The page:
November 17, 2006

What does it have in its pocketses?

Less than this most of the time, actually. I do find myself carring around all of this "digital ephemera" many weekdays, when I'm carring my briefcase and laptop anyway and can throw these into the side compartment.

The fundamental and familiar mantra of "wallet, keys, glasses & phone" as I leave the door has been slightly amended, as I'm now occasionally adding a digital camera, iPod and GPS to the mix. My relatively ancient Nikon Coolpix 775 is responsible for this shot -- and therefore isn't pictured.

What isn't pictured is all of the cords, adapters, chargers, manuals and drivers that support this collection. Tucked into and around the desk in the library/office at home, stored in milk crates in the basements or stuffed into the nooks and crannies of my car and briefcase, those digital lifelines all feed the hungry power demands of these gadgets. Reading this article, describing the real-world demonstration of non-radiative energy transfer non-radiative power energy (NRPET) using resonance to wireless gadgets, gives me hope that at least some of those adapters and chargers might be a thing of the past.

If my electronics could just:

A) communicate using a combination of WiFi, GPRS, Bluetooth and satellite, which ever happens to be available

B) be kept charged using NRPET that is broadcast from a central power source

I'd be a very happy techie.

That central power source would of course be powered by hydropower, solar, biothermal, wind, tidal or some other renewable power source, to be reasonably green, of course. Ethanol, clean diesel, clean coal, fuel cells or biodiesel might fit the bill too. There's even switch grass, as the POTUS reminded us last January in the State of the Union address.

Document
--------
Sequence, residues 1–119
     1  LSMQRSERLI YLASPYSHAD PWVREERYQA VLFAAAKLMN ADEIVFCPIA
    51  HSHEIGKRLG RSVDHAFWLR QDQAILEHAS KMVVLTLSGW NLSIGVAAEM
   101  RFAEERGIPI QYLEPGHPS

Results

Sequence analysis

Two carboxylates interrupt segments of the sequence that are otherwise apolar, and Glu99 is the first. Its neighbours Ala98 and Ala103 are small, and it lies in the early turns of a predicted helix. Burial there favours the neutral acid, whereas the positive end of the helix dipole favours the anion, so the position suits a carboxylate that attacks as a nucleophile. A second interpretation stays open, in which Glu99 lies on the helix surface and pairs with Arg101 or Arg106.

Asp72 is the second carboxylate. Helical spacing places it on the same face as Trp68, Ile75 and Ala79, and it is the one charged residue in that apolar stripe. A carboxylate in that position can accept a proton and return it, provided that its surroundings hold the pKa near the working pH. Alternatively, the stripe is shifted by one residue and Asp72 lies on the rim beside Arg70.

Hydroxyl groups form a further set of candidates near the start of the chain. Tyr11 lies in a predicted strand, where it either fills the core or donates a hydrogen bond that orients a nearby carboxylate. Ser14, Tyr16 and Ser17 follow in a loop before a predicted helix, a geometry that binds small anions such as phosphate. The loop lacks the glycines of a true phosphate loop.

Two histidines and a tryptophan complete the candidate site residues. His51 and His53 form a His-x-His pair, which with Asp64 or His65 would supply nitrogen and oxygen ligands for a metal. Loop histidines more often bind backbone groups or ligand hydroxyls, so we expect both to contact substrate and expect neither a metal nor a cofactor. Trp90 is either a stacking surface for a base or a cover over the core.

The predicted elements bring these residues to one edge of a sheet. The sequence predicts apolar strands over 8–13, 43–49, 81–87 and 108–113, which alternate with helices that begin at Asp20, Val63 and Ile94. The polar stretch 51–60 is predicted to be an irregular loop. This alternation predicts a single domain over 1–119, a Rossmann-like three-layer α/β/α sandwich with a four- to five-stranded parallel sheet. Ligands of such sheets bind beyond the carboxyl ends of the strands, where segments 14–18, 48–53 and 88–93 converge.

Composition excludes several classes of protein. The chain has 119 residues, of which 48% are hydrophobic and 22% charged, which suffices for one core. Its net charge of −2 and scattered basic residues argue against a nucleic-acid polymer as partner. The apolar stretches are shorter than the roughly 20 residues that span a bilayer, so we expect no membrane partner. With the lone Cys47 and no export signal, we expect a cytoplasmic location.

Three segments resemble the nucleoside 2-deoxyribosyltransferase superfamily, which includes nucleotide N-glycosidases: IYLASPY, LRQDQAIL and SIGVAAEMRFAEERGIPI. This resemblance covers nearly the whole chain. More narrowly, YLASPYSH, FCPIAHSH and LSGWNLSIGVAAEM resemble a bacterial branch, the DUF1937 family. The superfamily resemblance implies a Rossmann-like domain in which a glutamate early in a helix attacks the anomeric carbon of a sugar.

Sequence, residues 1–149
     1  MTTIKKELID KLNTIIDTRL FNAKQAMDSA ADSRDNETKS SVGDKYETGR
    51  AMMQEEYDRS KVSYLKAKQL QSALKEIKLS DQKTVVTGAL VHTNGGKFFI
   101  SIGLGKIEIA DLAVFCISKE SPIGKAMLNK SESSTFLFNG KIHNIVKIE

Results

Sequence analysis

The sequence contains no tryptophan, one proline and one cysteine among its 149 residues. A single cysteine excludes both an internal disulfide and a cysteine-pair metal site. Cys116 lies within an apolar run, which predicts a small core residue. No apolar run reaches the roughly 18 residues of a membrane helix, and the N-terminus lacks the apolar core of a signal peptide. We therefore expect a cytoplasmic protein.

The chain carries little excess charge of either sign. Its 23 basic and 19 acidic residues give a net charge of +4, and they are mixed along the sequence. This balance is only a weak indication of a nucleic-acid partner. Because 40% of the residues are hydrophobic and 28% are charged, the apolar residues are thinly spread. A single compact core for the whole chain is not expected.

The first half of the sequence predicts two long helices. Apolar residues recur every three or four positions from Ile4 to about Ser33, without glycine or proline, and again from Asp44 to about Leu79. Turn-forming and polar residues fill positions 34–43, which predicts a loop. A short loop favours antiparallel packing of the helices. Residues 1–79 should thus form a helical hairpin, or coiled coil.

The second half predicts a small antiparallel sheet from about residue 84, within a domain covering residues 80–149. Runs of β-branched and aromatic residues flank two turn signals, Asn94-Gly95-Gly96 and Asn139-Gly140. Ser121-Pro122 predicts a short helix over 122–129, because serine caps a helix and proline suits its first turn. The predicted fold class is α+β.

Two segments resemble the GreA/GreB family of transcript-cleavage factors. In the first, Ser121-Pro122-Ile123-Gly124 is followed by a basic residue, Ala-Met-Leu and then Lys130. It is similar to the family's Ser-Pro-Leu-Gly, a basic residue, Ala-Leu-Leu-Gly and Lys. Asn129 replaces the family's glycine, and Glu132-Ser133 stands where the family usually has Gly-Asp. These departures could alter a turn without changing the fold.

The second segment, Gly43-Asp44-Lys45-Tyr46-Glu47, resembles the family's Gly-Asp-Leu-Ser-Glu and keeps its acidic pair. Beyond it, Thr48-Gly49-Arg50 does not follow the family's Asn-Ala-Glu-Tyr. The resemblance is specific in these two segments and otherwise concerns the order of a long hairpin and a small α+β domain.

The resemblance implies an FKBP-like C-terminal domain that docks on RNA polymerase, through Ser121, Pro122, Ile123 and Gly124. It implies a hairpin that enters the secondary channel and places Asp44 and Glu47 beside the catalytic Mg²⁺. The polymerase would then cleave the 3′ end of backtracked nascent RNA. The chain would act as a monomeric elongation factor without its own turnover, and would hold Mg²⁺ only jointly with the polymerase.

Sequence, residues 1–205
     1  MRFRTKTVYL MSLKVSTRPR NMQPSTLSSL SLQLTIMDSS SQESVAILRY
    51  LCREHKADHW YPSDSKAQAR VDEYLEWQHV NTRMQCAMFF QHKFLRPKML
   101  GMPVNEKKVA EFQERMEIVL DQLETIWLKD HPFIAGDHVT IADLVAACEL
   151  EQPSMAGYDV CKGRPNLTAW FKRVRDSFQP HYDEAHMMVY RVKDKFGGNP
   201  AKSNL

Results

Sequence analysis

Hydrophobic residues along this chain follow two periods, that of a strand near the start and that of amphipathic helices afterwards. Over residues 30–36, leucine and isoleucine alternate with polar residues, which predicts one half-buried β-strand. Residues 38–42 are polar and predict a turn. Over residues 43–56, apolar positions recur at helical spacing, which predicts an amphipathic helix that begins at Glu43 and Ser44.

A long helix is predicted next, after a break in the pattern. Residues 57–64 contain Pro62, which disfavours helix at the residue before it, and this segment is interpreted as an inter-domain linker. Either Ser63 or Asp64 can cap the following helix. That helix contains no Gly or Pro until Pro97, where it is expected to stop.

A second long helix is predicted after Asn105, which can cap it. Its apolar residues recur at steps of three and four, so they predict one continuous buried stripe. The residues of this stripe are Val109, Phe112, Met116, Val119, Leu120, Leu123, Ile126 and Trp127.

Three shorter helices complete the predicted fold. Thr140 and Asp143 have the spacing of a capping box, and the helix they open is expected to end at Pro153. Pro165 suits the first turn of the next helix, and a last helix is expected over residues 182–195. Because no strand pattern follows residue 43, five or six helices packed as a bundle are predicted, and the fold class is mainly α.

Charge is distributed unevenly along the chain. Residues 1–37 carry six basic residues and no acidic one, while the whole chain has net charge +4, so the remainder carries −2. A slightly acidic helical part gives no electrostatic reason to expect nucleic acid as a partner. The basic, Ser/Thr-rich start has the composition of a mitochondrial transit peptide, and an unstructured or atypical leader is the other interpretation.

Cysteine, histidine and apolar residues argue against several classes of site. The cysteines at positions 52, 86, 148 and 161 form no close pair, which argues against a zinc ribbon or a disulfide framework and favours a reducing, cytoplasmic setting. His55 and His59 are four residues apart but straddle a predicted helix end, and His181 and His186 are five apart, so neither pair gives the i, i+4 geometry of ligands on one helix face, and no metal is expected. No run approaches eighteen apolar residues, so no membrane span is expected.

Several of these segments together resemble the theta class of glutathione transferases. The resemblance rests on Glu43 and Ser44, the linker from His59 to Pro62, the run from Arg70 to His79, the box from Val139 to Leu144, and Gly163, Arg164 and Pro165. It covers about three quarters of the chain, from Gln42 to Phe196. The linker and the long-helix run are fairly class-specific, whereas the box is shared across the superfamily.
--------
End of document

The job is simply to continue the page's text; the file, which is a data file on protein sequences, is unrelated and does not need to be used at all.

To see B come true, however, I'd need to live at least well into the next decade or retreat to some sort of Gene Roddenbury fantasia.

I bet my travel bags will weigh less, too.

Flights of purple-shaded futurism aside, we truly are much closer to living in the Jetson's world than I ever imagined we would be in 2006, as I think back to watching George, Jane, Judy, Elroy in the 80s.

The world's teenagers are video chatting and vlogging away on YouTube. Terabytes of data that touch upon every conceivable subjects is now available at the end of a blinking cursor and a "search" button on the browsers of handsets connected to high-speed wireless broadband. It's possible to click on and see what's been elevated by the collective force of the online hive mind, constantly pushing the most pertinent or interesting meme to the fore.

It's a good thing there's still a place for Astro in this world, or in my case, Shadow.


Grateful Girl said...

I can't help but think that if we all just tried to use all of our mental capabilities, we wouldn't need such contraptions in our pockets. Wouldn't it be nice if we could just rely on our own clairvoyance instead of our PDAs? (Wow. I sound insane, don't I?)

Xander said...

As it happens, I think about that a lot. How much should I be able to remember and under what conditions should I be able to recall those memories?

One of my favorite authors, Neal Stephenson, wrapped his plot around a sort of semantic hack of the brain in Snow Crash. In a somewhat convoluted backstory regarding linguistics, he delved back into the transition from where all of human knowledge could be retained within an oral history passed from one generation to the next.

I think he placed the tipping point somewhere around the Sumerians, when someone had the bright idea to start scratching letters in wax tablets.

I suppose cave paintings by aboriginal peoples well before that qualify as some form of knowledge transfer as well, but the Sumerians were the point that Neal chose for when humanity started to build a global knowledge dump. I'll follow his lead.

A few millennia later, even an ambitiously curious chap like myself isn't likely to amass more than a tiny fraction what's out there to learn.

A smarter man than I once reminded that me that the more we learn, the less we know. That is, the more educated we become in a subject, the more we realize how much we don't know.

Even so, I was surprised to learn that increased rates of agnosticism correlate with higher levels of scientific achievement...quite a few atheist Nobel Laureates out there, as it turns out.

Maybe we all should have photographic memories and be able to calculate are position in space and time to within a meter on the planet's surface.

I, sadly, do not. I'm also not clairvoyant, nor possessed of any other forms of ESP, as far as I know.

It's a shame; Vegas and Monaco would be fun.

In the meantime, I'll stick with a mobile browser tuned to Google, an iPod stacked with my favorite podcasts and tunes and a GPS.

I probably sound crazy too. Call it too much turkey.